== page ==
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Battery Materials

More U.S. mineral mining would blunt electric vehicle makers’ dangerous reliance on China: Robert W. Chase

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MARIETTA, Ohio — In the 1970s, the harmful effects of an oil embargo shocked Americans. The sudden realization that we needed to take responsibility for our own energy future had quite an impact. Politicians responded accordingly.



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Now we must address a huge new concern — the danger of becoming hostage to China for critically important industrial materials.

It’s only a matter of time. China is our leading supplier of minerals and metals, giving it great leverage over our supply chains for advanced technologies. Consider the possibility of waking to the news that China has cut off exports of electric-vehicle battery metals — lithium, cobalt, nickel, graphite and rare earth minerals. What if China decides it has had enough of U.S. pressure with regard to human rights abuses and decides to retaliate by restricting the export of key metals? Then consider the panic that would set in as the price of metals skyrockets.

Anyone who doubts that could happen ought to do some rethinking. In 2010, China embargoed the shipment of rare earth metals to Japan during a dispute over access to the South China Sea. And two years ago, China put the United States on notice that it might curtail the shipment of rare earths during tense trade negotiations, which caused the price of rare earths to soar.

Is this scenario plausible? The answer is surely “yes” — for the simple reason that we have let China take control of global minerals production and processing. This is a serious and urgent concern, considering that electric vehicle (EV) production hinges on access to minerals and metals, and a shortage of them would be a serious setback for the US auto industry. China accounts for about 40% of global EV sales and has been growing its mineral reserves for some time, viewing a new era of energy independence not through the lens of the oil barrel but through control of the minerals and metals of an electrified future.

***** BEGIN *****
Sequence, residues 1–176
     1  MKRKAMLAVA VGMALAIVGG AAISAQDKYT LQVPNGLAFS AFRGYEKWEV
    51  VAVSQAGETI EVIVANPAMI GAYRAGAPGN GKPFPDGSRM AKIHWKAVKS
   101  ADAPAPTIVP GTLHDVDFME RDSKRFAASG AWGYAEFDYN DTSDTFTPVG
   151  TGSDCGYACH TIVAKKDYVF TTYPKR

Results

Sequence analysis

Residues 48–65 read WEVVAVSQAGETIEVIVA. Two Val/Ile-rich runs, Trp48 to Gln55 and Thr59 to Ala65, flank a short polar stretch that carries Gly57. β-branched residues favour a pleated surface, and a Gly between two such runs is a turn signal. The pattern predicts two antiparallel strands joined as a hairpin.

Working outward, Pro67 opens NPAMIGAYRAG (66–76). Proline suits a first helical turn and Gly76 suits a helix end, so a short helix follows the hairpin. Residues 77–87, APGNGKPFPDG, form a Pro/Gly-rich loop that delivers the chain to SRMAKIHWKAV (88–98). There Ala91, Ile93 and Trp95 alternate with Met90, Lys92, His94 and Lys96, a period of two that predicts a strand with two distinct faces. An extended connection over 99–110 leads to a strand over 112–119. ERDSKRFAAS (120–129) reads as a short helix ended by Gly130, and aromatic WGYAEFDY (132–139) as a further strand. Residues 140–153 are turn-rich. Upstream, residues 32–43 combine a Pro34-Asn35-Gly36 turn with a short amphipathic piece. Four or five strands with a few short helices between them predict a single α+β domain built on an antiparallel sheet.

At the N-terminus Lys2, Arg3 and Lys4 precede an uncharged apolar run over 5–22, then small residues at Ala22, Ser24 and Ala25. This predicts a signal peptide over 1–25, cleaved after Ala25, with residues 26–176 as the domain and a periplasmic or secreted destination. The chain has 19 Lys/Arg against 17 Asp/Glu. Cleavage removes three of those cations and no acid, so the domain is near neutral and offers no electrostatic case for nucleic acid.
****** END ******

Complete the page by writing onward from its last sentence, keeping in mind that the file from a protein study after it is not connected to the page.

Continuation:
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But China’s laser focus on the EV supply chain isn’t just about resource independence, it’s also about wielding that control as geopolitical leverage. Evidence that China’s government is investing heavily in mining — by some estimates, providing hundreds of billions of dollars to Chinese companies through subsidies, tax credits and other support — continues to mount. In fact, to bolster their grip on global production, Chinese companies have bought mining operations in a number of countries, including Congo, Peru, Indonesia and Australia. China is now the primary supplier of half of the 35 minerals and metals that the U.S. government lists as critically important to our nation’s security and economy.

Most geologists believe there are trillions of dollars’ worth of minerals beneath the ground in the United States, but U.S. mineral production has withered for decades and import reliance has doubled in just the past 20 years. A largely broken mine-permitting system in the United States has pushed mining investment and production overseas when we need these critical supply chains at home more than ever.

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